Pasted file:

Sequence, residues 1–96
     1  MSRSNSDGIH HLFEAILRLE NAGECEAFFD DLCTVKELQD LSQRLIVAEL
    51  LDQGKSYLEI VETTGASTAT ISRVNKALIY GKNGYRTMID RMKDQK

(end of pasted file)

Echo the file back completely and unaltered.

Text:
Sequence, residues 1–96
     1  MSRSNSDGIH HLFEAILRLE NAGECEAFFD DLCTVKELQD LSQRLIVAEL
    51  LDQGKSYLEI VETTGASTAT ISRVNKALIY GKNGYRTMID RMKDQK